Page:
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Home / Insurance / Triple-I Blog | "Silent" echoes of 9/11 in today's handling of cyber-related risks

Triple-I Blog | "Silent" echoes of 9/11 in today's handling of cyber-related risks



"The cyber landscape to me looks a lot like it did to the terrorist landscape before 9/11."
Garrett Graff, historian and journalist

Prior to September 11, 2001, terrorist coverage was included in most commercial real estate policies as a "silent" danger ̵

1; not specifically excluded, therefore covered. Subsequently, insurance companies began to exclude terrorist acts from insurance, and the US government enacted the Terrorism Risk Insurance Act (TRIA) to stabilize the market.

TRIA requires insurance companies to make terrorist coverage available to commercial policyholders but does not require policyholders to purchase it. Originally created as a three-year program that allows the federal government to share losses due to terrorist attacks with insurance companies, it has been renewed four times: 2005, 2007, 2015 and 2019.

A risk that develops

The terrorist threat has developed in complexity and scale, and some in the national security world have compared American cyber security preparedness today with its preparedness for terrorist acts two decades ago.

"To me, the cyber landscape looks a lot like the terrorism landscape did before 9/11," said historian and journalist Garrett Graff at a recent Home Security Committee event in which researchers and former 9/11 commissioners called on lawmakers to increase funding for Cybersecurity and Infrastructure. The Security Agency (CISA) and other federal agencies focused on preventing attacks.

Cyber ​​is more complicated, says Amy Zegart, co-director of the Stanford University Center for International Security and Cooperation, p.g.a. the role of the private sector ”as both a victim and a threat vector. There are more people in the United States who protect our national parks than there are in CISA who protect our critical infrastructure. Cyberattacks like the one on the Colonial Pipeline underscore this reality.

When TRIA was re-approved in 2019, a crucial component was the mandate of the Government Accountability Office (GAO) to make recommendations to Congress on amending the law to deal with cyber threats. The trillion-dollar infrastructure bill now being debated in Congress proposes $ 1.9 billion for cybersecurity, with more than half set aside for state, local and tribal governments. It would set up a Cyber ​​Response and Recovery Fund for the use of CISA.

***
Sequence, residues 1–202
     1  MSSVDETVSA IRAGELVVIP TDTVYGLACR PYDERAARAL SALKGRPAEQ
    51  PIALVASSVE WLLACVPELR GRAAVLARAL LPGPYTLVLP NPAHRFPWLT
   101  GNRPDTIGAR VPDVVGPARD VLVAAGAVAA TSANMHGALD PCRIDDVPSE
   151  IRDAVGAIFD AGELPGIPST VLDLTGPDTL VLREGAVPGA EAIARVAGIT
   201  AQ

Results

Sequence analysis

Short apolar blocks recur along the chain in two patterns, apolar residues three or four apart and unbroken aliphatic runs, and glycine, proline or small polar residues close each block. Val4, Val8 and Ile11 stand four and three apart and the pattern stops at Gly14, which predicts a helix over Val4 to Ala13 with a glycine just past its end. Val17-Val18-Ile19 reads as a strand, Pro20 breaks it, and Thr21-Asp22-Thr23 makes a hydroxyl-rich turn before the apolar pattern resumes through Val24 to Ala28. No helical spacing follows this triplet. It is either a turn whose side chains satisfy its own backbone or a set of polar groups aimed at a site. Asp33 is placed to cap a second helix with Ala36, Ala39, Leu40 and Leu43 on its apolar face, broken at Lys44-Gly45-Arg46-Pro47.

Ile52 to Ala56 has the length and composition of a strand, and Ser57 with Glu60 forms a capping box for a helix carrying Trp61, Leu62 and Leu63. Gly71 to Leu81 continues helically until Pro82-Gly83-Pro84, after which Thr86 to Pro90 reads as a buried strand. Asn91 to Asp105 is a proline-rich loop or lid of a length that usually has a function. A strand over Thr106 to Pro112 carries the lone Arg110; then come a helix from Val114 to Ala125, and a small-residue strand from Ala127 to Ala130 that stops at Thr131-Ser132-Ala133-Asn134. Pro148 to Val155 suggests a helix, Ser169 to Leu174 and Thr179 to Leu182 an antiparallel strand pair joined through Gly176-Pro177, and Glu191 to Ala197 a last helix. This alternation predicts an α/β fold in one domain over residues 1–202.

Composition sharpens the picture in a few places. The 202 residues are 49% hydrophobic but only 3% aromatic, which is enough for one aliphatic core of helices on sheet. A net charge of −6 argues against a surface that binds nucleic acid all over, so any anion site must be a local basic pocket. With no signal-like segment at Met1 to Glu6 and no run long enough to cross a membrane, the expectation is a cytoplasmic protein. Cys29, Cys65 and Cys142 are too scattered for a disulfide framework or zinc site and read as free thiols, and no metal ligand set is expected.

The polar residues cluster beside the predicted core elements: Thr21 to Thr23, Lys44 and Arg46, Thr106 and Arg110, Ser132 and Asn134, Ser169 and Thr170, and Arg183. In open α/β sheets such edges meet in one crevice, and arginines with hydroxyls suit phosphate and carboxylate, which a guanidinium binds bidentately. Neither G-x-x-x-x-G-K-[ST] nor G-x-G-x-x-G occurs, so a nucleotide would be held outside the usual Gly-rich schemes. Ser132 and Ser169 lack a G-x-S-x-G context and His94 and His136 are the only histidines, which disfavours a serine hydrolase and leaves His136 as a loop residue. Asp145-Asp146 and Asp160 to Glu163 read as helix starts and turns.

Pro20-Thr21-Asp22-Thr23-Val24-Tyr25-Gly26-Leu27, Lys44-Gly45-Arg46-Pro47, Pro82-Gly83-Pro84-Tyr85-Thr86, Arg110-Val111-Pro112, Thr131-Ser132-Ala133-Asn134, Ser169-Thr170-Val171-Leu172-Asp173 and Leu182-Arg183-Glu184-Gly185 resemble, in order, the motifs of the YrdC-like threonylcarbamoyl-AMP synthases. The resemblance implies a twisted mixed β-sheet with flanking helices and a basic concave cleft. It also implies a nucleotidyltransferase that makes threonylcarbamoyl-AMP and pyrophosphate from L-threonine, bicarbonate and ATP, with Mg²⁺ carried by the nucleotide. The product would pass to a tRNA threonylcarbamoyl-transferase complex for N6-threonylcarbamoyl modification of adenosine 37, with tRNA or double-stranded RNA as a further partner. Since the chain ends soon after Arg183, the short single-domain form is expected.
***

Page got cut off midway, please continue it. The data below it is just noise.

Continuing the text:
"Silent cyber"

Like terrorism before 9/11, very cyber risk is silent. Silent cyber – also known as "non-affirmative cyber" – refers to potential losses arising from policies that are not intended to cover cyber-related dangers. If silent cyber is not addressed, the insurer's solvency may be affected and ultimately damage the policyholders.

The UK regulator in 2019 sent a letter to all UK insurance companies saying they must have "action plans to reduce accidental exposure" to non-affirmative action cybercrimes. Later that year, Lloyd's issued a bulletin demanding clarity on all policies on whether cyber risk is covered. This led many insurance companies to exclude cyber or include it and price the risk accordingly.

"Other regulators and credit rating agencies have been less vocal about the issue," writes Willis Towers Watson, "and until recently, efforts to address silent cyber have been limited." Some insurers – particularly in the mutual specialty sector – updated their policies in the mid-2010s to provide clarity on cyber. But until recently, movement elsewhere has been sporadic, Willis writes. diversification, secondary line-to become a primary insurance purchase. Unfortunately, while insurance is available, many policyholders still incorrectly expect to be covered by their property and liability insurance. Confusion over IT coverage can lead to unexpected gaps.

"At best, a cyber incident can trigger multi-policy coverage and increase the total available limit to respond to a covered event," said Adam Lantrip, CAC Specialty & # 39 ;s Cyber ​​Practice Manager. "In a more common scenario, multiple insurances can be triggered but not coordinated with each other, and the policyholder spends more on legal fees than the cost of having purchased stand-alone cyber insurance in the first place."

Cyber ​​risk will only grow in importance, complexity and cost as the world becomes more wired and interdependent. The costs of cyberattacks are potentially huge and must be reduced in advance.

From the Triple-I Blog

Emerging Cyber ​​Terrorism Threats and the Federal Terrorism Risk Insurance Act

A World Without TRIA: Forming a Federal Terrorism Insurance Backstop [19659004] Brokers, policyholders need more clarity on cyber coverage

Cyber ​​risk becomes real, requires new approaches

Companies large and small need to be cyber-resistant in a covid-19 world

victims twice? Companies that pay cybercrime can risk US penalties

From Risk & Insurance (a subsidiary of the institutes and sister organization to Triple-I)

Silent cyber will sabotage your insurance Policy if you do not look up. Here's what risk managers should think about


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